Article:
A Real Threat?

19 April 2010 | 17:35 Code : 7389 AMERICA
How the U.S. is Abusing Fear of Nuclear Terrorism to Work Towards its Hegemonic Goals.By Kayhan Barzegar
A Real Threat?
The introduction of the concept of ‘nuclear terrorism’ as the centerpiece of the new U.S. nuclear strategy document, the Nuclear Posture Review (NPR) is somehow linked with global nuclear disarmament.

There are two important points to not miss when reading the new U.S. nuclear text: First, the United States becomes committed to not use its nuclear arsenal against those countries which do not possess nuclear weapons. However, Iran and North Korea are exempt from enjoying this secure position. Reference to Iran should raise one’s interest since it is the first time an official U.S. document threatens a non-nuclear weapons state. It is perhaps a residue of the Cold War mentality in which deterrence was the absolutely dominant theme. Paradoxically, reliance on nuclear weapons to establish security is a stumbling block if the Obama administration is sincerely aiming for global nuclear disarmament.

A nuclear threat is diametrically opposed to those principles Obama claims to follow in establishing a safer world—a world in which multilateralism is a given. Does the U.S. president expect a country threatened with nuclear weapons to not defend itself with all means? Foreign threats profoundly justify self-defense. Obama’s newly-released nuclear strategy document, which claims to promote global peace, is still abusive in nature—only repackaged for propaganda usage.

Second and more important in the document is the focus on nuclear terrorism, a newly-coined term in U.S. national security and nuclear discourse. For the Obama administration, the gravest threat in the short, medium, and long-term lies in the possibility of terrorists’ access to nuclear weapons. This was at the top of the agenda in the ‘Nuclear Security Summit’ held in Washington this week.

The concept of nuclear terrorism is in fact linked to a strategy redefinition the Obama administration has undertaken to sustain the United States global hegemony. The war against terrorism has turned into the cornerstone of U.S. national security strategy in the post 9/11 era, relevant themes have been further developed during Obama’s presidency. Nuclear terrorism is now perceived as the most serious asymmetric threat against America’s national security.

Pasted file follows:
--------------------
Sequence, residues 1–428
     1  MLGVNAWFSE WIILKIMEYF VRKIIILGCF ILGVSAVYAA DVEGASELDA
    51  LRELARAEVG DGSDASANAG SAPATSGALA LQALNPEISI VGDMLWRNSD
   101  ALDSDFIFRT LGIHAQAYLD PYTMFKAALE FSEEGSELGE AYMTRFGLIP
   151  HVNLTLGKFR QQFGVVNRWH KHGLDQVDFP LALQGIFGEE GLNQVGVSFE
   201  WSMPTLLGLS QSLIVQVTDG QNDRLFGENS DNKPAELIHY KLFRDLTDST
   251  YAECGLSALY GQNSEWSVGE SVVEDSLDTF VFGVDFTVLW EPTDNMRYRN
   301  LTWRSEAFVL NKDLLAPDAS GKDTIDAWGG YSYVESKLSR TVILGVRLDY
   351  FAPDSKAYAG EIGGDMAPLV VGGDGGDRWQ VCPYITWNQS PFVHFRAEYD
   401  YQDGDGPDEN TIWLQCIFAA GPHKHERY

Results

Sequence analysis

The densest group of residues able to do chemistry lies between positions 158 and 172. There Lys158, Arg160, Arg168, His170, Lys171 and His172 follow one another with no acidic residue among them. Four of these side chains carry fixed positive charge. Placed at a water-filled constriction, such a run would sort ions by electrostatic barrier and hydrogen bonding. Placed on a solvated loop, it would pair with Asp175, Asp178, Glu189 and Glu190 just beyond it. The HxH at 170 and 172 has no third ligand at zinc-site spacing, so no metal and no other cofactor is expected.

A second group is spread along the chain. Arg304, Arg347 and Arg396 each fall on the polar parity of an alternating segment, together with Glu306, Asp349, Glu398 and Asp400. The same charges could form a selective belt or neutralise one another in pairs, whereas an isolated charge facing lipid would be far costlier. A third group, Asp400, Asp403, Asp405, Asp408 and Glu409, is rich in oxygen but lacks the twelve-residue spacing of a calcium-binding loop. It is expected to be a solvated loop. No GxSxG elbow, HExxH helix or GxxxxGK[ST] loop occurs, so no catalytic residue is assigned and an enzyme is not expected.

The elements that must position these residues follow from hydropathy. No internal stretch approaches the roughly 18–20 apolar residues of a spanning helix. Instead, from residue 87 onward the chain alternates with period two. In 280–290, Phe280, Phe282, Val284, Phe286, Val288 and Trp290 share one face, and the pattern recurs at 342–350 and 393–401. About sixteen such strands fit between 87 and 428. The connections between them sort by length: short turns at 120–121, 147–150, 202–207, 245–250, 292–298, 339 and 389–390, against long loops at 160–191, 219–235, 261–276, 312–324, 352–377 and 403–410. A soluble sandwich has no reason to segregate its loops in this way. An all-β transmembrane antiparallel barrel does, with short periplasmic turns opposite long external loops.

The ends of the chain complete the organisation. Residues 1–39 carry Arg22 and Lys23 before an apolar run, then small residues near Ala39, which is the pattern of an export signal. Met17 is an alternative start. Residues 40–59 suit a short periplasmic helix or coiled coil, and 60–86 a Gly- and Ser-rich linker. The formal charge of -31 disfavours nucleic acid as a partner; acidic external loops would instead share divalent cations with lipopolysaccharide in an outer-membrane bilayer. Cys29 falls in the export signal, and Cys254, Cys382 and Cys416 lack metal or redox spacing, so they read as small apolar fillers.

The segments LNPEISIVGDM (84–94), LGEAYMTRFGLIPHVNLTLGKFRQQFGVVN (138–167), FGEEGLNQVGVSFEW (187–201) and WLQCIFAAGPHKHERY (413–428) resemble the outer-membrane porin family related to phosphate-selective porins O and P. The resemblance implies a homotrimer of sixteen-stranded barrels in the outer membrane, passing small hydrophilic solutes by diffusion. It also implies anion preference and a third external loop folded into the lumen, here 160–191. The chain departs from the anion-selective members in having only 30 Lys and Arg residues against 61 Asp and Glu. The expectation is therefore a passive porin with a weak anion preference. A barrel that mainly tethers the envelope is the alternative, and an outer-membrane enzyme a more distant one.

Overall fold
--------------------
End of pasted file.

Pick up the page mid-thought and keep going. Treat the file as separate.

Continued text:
Another point one shouldn’t miss is the fact that the Americans are cleverly trying to link nuclear terrorism to the concept of ‘interconnected global security’. According to this strategy, U.S. security is equivalent with global security and are not separated. That explains why the United States tries to convince other nations to accept its leadership in war against the greatest threat against the international community, that is, terrorism and to ensure that terrorists will never gain access to nuclear weapons or materials. This is another strategy by which the U.S. buys itself legitimacy—legitimacy it had lost during Bush’s presidency through his unsubstantiated war against Iraq and his unilateral policies.

By incorporating nuclear terrorism as a new theme in its nuclear strategy, the United States will create the settings to make broad interpretations of threats against global security and entitle itself to interfere in the domestic affairs of other nations. In this context, some observers believe nuclear terrorism is not a real threat, but just a new tool for the Obama administration to achieve its golbal goals.

Foregrounding a secondary concern such as nuclear terrorism might meanwhile divert attention from the United States’ commitment to nuclear disarmament. The Non-Proliferation Treaty (NPT) is based on three pillars: global disarmament, nuclear non-proliferation, and the peaceful use of nuclear technology. The West prefers to focus on the non-proliferation pillar of the NPT since it serves as a good pretext to limit other countries’ access to peaceful nuclear technology. Overemphasis on this pillar also draws attention away from the key pillar of global disarmament, which is the demand of countries like Iran and Non-Aligned Movement members. The Obama administration NPR is a textbook example of how global powers will work to preserve their nuclear monopoly.


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